While Hong Kong is primarily known for its vibrant and multicultural soul, the fast-paced city is also one of the world’s busiest ports and an international hub for wildlife trafficking. Hong Kong’s current import laws allow the city to remain an easy gateway into the wildlife black market.
With about 37 million seahorses accidently caught in the nets of fishing trawlers every year, the large majority of them end up being sold into wildlife trafficking, and while there is widespread sale of the species throughout Asia, Hong Kong is the world’s largest importer of dried seahorses.
Found in traditional Chinese medicine (TCM) stores in Hong Kong, seahorses are prescribed by some TCM practitioners to combat a variety of illnesses from asthma, arteriosclerosis and incontinence to difficult childbirth and impotence.
An international agreement between governments to protect wild animals and plants from extinction due to trade was created in 1975 called the Convention of International Trade in Endangered Species of Wild Flora and Fauna (CITES). In 2002, CITES enforced that exported seahorses can only be legally sourced at a level that isn’t detrimental to wild populations.
In 2001 India also banned all fisheries and exports of seahorses and in 2016 Thailand followed suit also suspending the export of seahorses, while other countries who didn’t meet the set trade obligations had bans enforced upon them by CITES. Marine conservation group Project Seahorse found that the countries historically responsible for 98% of reported seahorse exports by volume now have self-imposed or CITES-imposed export bans on wild, dried seahorses.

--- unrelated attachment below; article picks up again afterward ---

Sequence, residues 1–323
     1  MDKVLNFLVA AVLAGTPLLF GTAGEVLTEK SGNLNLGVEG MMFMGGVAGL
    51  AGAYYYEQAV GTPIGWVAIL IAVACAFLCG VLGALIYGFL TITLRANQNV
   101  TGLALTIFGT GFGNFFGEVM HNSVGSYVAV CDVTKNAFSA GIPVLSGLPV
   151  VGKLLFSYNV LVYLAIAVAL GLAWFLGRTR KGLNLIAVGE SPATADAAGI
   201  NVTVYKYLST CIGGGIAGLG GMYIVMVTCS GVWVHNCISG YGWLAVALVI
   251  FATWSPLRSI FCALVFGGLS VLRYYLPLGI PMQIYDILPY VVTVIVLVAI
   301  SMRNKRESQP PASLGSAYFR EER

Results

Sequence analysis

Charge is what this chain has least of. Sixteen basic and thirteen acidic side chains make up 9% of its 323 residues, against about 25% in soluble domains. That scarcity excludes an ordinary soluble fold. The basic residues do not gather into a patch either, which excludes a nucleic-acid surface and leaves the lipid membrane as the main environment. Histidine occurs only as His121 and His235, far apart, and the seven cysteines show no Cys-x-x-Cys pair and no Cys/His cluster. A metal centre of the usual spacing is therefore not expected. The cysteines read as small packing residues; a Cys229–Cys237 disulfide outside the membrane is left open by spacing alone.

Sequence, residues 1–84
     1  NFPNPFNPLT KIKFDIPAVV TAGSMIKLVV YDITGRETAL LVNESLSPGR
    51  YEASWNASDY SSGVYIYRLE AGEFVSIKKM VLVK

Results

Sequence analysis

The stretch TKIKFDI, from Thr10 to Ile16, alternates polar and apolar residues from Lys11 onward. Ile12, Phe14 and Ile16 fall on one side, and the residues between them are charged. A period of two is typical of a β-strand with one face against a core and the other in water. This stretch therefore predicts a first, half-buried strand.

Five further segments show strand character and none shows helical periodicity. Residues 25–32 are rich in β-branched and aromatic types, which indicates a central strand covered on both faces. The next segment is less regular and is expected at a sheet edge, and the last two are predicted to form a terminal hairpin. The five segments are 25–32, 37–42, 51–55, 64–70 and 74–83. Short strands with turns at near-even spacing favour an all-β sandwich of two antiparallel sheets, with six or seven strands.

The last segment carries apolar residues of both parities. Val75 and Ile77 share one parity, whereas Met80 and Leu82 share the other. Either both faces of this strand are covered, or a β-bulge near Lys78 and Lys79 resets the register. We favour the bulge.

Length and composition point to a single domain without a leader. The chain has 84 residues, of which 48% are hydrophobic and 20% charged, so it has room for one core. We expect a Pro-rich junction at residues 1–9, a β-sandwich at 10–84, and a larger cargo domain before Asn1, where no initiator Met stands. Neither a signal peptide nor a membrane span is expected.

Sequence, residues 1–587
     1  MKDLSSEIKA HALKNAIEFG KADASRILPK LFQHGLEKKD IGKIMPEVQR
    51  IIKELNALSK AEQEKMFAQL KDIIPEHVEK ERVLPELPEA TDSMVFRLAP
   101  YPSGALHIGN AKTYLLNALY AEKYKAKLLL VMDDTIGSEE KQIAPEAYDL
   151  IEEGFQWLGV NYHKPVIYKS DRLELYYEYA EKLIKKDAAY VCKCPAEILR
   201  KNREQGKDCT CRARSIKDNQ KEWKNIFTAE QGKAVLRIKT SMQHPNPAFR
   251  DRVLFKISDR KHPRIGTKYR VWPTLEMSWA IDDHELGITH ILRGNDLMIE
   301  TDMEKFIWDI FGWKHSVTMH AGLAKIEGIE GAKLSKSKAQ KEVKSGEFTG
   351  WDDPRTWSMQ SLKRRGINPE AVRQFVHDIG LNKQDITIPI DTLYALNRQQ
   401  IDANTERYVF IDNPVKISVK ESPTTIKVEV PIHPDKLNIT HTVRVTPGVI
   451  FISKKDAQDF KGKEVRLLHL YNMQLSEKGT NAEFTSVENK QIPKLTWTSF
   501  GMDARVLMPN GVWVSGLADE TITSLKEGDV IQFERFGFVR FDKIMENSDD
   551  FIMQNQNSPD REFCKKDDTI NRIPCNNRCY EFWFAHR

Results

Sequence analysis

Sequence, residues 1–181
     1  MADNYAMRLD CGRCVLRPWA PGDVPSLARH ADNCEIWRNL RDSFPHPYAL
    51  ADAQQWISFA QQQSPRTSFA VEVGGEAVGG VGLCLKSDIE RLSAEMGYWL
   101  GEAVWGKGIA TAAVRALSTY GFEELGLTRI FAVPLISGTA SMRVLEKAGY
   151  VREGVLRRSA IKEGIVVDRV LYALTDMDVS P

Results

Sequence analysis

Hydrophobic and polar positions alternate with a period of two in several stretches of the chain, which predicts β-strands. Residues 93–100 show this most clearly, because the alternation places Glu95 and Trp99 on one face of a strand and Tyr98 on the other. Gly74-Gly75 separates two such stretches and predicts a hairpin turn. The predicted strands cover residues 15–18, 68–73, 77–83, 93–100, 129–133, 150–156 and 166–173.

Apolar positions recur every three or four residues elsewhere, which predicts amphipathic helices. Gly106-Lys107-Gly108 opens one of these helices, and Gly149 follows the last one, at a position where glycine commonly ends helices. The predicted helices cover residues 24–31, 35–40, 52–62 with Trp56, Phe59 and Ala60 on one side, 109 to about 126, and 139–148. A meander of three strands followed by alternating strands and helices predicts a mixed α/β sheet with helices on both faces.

Hong Kong’s import laws regarding endangered species are sectioned according to CITES Appendix I, II and III, which categorise species according to threat of extinction: the species with the highest threat being Appendix I and the lowest being Appendix III. Seahorses are classed as Appendix II which applies to species whose trade numbers need to be controlled, but are not necessarily threatened with extinction.